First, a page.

Trouble At The Henhouse

When things go bad in life you can admit failure or learn from the mistake. I learned a lot about myself this past week when my work life became troubled.

It was a very challenging week at my work last week. At issue was the future direction of our main product. Without going into any specific detail of what was discussed, the biggest decision at hand was whether or not to continue on with a project that we had been working on for quite some time. I am fortunate to work at a software development firm which has a very long history (a 20+ year history) which in the software industry is unheard of. There are many people who have spent a majority of their working careers and lives in this company and have become very passionate about it’s direction and I admire this passion. They have inspired me to be passionate about our company in the relatively short time I have been here.

The biggest lesson we faced this past week is the admittance of failure. I have heard that word bandied about many times and each time I cringe at the thought that we have failed. We have not failed. Failure is only accepted when defeat is the only option and quitting is the result. I don’t believe we have failed but instead we have made is a costly mistake and one that will force us into the unknown with whatever direction we choose. Thing is, we are not quitting; far from it! So to accept defeat and admit failure is misleading and derogatory of the years of sacrifice and passion that has been poured into a company that prides itself on learning from it’s past mistakes.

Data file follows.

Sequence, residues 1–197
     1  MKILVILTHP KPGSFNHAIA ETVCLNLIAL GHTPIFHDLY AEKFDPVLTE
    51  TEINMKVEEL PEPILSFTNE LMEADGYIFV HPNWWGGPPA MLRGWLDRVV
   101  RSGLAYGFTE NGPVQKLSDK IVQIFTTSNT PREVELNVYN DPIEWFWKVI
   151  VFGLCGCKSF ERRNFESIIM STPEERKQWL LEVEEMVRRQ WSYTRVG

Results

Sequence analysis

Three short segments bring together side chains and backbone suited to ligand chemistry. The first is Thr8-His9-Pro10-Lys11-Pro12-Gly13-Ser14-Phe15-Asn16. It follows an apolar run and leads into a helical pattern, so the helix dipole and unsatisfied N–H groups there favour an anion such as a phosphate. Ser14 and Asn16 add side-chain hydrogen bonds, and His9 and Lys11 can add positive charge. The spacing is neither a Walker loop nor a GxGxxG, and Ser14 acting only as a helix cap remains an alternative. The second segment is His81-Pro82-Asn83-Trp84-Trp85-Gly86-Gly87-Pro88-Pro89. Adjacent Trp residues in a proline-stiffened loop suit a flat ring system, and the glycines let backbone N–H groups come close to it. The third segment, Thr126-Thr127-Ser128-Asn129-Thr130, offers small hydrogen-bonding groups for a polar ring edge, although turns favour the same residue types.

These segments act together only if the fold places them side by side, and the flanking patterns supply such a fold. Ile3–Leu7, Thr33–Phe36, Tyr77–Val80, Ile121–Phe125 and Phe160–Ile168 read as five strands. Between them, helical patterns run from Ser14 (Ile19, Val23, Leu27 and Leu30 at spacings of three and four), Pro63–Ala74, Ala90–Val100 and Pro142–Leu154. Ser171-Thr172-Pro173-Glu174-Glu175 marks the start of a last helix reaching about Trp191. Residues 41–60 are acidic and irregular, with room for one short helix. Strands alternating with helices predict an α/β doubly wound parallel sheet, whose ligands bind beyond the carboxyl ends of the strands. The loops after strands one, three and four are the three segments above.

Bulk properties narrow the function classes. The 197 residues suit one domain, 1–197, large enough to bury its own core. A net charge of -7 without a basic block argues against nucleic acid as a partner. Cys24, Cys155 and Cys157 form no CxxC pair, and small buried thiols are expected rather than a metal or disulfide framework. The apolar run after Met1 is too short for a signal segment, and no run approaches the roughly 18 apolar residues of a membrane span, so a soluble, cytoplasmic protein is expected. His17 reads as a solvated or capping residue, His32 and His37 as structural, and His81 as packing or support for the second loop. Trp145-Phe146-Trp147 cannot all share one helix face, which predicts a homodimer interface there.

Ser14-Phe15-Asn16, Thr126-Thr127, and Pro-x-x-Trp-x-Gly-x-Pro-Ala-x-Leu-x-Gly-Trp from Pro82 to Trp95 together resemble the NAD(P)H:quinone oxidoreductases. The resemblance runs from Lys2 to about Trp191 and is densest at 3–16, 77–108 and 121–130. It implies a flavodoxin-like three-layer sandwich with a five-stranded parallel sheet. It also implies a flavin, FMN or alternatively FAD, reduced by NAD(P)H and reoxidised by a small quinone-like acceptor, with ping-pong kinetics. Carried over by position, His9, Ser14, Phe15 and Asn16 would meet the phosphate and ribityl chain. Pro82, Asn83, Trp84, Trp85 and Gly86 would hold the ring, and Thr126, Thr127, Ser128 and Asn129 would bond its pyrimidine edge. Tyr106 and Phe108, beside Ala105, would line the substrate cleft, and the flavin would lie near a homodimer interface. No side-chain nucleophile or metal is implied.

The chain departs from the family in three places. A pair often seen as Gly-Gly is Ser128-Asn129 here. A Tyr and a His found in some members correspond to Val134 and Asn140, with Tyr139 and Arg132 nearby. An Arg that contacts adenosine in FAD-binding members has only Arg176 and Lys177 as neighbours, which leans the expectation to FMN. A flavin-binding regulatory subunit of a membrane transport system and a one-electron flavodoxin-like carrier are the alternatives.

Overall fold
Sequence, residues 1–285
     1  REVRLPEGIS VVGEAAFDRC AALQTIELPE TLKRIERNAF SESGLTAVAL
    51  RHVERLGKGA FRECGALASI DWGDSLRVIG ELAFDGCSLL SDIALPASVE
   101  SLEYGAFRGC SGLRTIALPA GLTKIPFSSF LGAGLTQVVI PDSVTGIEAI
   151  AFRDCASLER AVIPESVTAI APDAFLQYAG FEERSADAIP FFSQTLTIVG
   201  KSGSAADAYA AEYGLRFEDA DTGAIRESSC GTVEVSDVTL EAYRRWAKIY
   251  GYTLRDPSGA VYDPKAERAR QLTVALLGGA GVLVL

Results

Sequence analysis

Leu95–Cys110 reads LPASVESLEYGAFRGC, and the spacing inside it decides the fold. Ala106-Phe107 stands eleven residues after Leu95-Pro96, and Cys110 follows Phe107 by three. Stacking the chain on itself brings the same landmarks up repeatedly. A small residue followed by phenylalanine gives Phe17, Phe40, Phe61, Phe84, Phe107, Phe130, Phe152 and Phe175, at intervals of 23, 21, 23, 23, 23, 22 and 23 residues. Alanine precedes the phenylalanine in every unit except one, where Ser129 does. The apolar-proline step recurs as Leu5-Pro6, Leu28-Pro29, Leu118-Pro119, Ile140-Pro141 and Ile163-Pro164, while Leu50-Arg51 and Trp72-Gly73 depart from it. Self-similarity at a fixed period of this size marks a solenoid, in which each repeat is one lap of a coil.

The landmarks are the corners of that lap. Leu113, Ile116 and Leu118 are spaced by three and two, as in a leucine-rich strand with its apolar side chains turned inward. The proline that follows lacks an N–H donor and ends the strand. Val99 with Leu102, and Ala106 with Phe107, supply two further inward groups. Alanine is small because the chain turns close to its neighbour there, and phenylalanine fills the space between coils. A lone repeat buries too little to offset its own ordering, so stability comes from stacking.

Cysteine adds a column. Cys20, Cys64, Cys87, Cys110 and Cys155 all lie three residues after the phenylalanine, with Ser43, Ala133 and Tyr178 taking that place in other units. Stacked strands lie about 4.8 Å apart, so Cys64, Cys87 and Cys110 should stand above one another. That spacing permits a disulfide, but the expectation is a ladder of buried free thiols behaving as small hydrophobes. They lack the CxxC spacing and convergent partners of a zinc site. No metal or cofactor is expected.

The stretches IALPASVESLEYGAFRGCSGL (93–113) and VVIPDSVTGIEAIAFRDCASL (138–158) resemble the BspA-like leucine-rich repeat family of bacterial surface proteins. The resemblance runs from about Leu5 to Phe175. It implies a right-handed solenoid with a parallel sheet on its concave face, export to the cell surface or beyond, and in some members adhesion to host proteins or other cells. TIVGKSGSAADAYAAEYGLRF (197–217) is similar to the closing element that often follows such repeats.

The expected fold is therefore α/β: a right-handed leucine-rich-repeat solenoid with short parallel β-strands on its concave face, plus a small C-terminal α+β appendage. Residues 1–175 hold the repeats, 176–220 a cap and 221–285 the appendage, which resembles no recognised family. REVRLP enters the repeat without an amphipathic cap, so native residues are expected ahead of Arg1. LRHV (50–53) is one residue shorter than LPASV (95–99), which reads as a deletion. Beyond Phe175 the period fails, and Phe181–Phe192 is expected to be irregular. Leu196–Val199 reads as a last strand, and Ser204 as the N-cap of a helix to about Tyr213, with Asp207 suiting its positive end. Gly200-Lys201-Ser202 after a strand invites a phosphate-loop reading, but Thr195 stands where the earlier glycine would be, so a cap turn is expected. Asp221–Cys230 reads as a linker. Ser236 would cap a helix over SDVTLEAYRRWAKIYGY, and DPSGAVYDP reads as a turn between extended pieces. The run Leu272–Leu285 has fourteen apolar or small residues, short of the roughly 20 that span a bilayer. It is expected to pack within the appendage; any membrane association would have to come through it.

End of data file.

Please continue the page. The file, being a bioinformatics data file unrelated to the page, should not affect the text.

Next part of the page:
When the big news about our project broke, I had reflected on my own personal effort in this mistake. I am on the team that worked on the controversial project, so I certainly own a big share of the lesson to be learned. Could have I tried harder? Yes! Could I have worked more focused? Yes! Could I have spoken louder when I felt things weren’t right? Yes! Was I drunk on the feeling that our great company was infallible? Yes! I own all of my mistakes and I make no excuse. But I refuse to allow my ego to stand in the way of growing as a person and as an employee. I refuse to point any fingers or place any blame. Blame is counter productive. It doesn’t matter how the ship is sinking, we will all drown together if we do not use our fingers to plug the holes instead of pointing them at our shipmates. Failure is not an option.

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